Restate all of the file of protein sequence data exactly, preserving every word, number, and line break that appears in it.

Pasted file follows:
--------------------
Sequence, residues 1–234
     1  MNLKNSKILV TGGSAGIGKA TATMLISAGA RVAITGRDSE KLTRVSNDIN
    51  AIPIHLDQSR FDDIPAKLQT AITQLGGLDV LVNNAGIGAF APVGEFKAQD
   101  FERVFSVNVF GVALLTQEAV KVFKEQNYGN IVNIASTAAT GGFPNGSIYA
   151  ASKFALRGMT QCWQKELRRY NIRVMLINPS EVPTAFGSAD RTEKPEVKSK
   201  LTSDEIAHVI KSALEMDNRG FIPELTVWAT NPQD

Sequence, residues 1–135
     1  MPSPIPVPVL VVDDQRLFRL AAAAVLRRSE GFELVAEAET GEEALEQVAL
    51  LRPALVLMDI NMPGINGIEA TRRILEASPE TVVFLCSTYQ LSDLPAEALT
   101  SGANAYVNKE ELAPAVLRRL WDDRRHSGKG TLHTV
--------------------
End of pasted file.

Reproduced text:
Sequence, residues 1–234
     1  MNLKNSKILV TGGSAGIGKA TATMLISAGA RVAITGRDSE KLTRVSNDIN
    51  AIPIHLDQSR FDDIPAKLQT AITQLGGLDV LVNNAGIGAF APVGEFKAQD
   101  FERVFSVNVF GVALLTQEAV KVFKEQNYGN IVNIASTAAT GGFPNGSIYA
   151  ASKFALRGMT QCWQKELRRY NIRVMLINPS EVPTAFGSAD RTEKPEVKSK
   201  LTSDEIAHVI KSALEMDNRG FIPELTVWAT NPQD

Sequence, residues 1–135
     1  MPSPIPVPVL VVDDQRLFRL AAAAVLRRSE GFELVAEAET GEEALEQVAL
    51  LRPALVLMDI NMPGINGIEA TRRILEASPE TVVFLCSTYQ LSDLPAEALT
   101  SGANAYVNKE ELAPAVLRRL WDDRRHSGKG TLHTV